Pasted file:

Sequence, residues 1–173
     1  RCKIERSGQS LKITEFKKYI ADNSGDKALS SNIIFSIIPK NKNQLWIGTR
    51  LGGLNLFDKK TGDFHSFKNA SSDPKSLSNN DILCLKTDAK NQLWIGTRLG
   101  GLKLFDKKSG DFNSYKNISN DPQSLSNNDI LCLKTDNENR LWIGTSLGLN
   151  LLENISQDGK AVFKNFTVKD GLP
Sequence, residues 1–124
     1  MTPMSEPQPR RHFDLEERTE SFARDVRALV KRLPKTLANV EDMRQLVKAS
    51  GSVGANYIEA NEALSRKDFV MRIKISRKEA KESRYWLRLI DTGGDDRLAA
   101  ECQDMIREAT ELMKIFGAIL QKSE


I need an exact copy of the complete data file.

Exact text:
Sequence, residues 1–173
     1  RCKIERSGQS LKITEFKKYI ADNSGDKALS SNIIFSIIPK NKNQLWIGTR
    51  LGGLNLFDKK TGDFHSFKNA SSDPKSLSNN DILCLKTDAK NQLWIGTRLG
   101  GLKLFDKKSG DFNSYKNISN DPQSLSNNDI LCLKTDNENR LWIGTSLGLN
   151  LLENISQDGK AVFKNFTVKD GLP
Sequence, residues 1–124
     1  MTPMSEPQPR RHFDLEERTE SFARDVRALV KRLPKTLANV EDMRQLVKAS
    51  GSVGANYIEA NEALSRKDFV MRIKISRKEA KESRYWLRLI DTGGDDRLAA
   101  ECQDMIREAT ELMKIFGAIL QKSE